• Sometimes people resist supporting minority groups because they are associated with negative stereotypes. (e.g., feminists are called ‘man-haters’ or environmentalists are called ‘tree-huggers’).
  • When people see minority groups dissenting against social norms, they may be encouraged also to violate the norms and join their cause because they are under the influence of societal norms.
  • Gradual commitment can bring about social change over time by slowly influencing people’s behaviour and beliefs. Gay marriage, for example, would not have been legalised without all the smaller steps that advocates took first.

Frequently Asked Questions about Minority Influence and Social Change

Minority influence affects social change via conversion, the snowball effect and social cryptomnesia.

Examples of minority influence are the LGBTQIA+ movement and the Ramblers campaign in the UK.

The role of minority influence in social change is its ability to affect the beliefs and behaviour of the majority group, which can ultimately lead to conversion, the snowball effect, and social cryptomnesia.

The three most important factors that determine the effectiveness of minority influence are consistency, flexibility, and commitment. Let us take a closer look at these factors.

Social media gives minority groups an easy way to access a large audience and put the information across in various ways that can be easily read and shared.

Final Minority Influence and Social Change Quiz

Question

What is social change?

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Answer

Social change is when a society’s values, beliefs, norms and ways of operating change over time.

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What effect does minority influence have on society?

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Minority influence can influence and change the opinions, views and ideas of individuals and groups in the majority, leading to social change.

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What is minority influence?

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Minority influence is when a minority group in society influences the majority’s opinions, values, and actions.

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 What are the four main stages of social change?

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The four main stages of social change are minority influence, conversion, the snowball effect, and social cryptomnesia.

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What is conversion?

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Conversion is similar to internalisation. It is when someone changes their private beliefs and behaviour in response to social influence.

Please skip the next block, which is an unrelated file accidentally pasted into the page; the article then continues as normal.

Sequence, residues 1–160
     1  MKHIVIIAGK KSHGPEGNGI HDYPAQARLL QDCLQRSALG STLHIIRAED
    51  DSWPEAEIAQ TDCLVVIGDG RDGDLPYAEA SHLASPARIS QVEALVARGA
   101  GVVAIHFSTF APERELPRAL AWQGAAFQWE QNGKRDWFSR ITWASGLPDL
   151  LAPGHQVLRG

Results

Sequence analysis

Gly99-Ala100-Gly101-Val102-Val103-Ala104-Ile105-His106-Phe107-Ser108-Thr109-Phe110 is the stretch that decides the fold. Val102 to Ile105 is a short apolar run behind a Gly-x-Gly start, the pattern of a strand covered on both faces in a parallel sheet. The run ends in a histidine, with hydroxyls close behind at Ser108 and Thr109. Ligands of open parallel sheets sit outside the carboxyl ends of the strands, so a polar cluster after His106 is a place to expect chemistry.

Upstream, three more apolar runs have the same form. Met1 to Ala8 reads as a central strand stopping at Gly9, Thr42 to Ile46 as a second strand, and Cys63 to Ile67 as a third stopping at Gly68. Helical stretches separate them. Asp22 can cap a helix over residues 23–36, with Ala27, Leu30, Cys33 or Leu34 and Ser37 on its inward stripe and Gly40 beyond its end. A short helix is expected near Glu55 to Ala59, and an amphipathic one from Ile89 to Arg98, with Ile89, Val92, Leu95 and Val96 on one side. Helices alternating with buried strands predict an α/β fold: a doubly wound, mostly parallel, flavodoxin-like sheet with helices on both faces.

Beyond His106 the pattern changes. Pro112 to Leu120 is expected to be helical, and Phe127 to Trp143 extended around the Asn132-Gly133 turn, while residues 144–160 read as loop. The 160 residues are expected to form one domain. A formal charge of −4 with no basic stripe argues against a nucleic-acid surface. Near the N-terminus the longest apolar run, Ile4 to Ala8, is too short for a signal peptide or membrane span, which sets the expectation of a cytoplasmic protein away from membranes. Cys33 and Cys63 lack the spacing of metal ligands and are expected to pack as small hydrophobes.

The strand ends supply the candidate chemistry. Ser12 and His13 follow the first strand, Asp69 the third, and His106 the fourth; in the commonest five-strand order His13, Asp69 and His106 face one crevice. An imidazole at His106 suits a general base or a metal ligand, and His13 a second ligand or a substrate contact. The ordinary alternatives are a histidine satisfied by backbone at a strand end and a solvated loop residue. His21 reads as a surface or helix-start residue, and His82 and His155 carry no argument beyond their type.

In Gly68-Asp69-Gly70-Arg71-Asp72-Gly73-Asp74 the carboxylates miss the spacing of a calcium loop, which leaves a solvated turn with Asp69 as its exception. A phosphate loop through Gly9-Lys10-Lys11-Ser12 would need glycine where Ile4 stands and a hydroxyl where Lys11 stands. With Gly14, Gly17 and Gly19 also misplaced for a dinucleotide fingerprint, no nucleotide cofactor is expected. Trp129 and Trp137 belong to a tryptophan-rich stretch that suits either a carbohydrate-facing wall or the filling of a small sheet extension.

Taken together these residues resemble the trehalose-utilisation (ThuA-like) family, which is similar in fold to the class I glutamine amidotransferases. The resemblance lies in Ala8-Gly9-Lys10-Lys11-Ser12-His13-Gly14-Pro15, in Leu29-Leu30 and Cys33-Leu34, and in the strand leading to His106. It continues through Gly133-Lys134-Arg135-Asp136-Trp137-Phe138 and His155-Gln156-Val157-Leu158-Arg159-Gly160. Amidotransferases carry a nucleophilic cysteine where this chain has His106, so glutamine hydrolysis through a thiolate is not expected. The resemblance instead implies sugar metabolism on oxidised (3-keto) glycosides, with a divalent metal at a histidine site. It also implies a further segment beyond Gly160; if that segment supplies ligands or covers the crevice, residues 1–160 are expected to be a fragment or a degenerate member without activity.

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What is the snowball effect? 


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The snowball effect is when initial, small actions such as advocating for a minority can lead to society-wide changes in attitudes, e.g., when the minority becomes the majority.

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What is social cryptomnesia?

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Social cryptomnesia is when activism is no longer seen as an idea but as a social truth.

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What did Moscovici’s blue-green study find out? 


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The blue-green study found that more consistent minority groups are more likely to influence the majority successfully.

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What did Nemeth (1986) find out?

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Answer

Nemeth’s 1986 study found that more flexible minority groups are more likely to influence the majority successfully.

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What is flexibility in minority influence?

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Flexibility is the willingness for the minority group to compromise and reach an understanding with the majority group

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What is the commitment in minority influence?

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Commitment describes how much a minority group is willing to advocate for their cause, including how much time they dedicate to advocacy and how much they are ready to sacrifice (e.g., facing violence or prosecution).

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What is consistency in minority influence? 


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Consistency refers to the minority group’s ability to stick to their ideas.

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What are the two types of consistency in minority influence?

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The two types of consistency are diachronic and synchronic consistency.

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What do the two types of consistency mean?

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Diachronic consistency describes the consistency of ideas over time, and synchronic consistency describes the consistency of ideas among those who hold them.

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How does identification with the minority group affect minority influence?

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Maass et al. found it is harder for minority groups to influence majority groups when they don’t relate to the minority group or see the members of the minority as ‘other’.

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How can normative social influence affect social change?

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Normative social influence has been used to prevent smoking in teenagers and discourage littering. Campaigns highlight how most teenagers don’t smoke these days and how most people don’t litter. This practice discourages people from smoking or littering because people wish to fit in with the majority group and may not smoke or litter if they feel they wouldn’t fit in.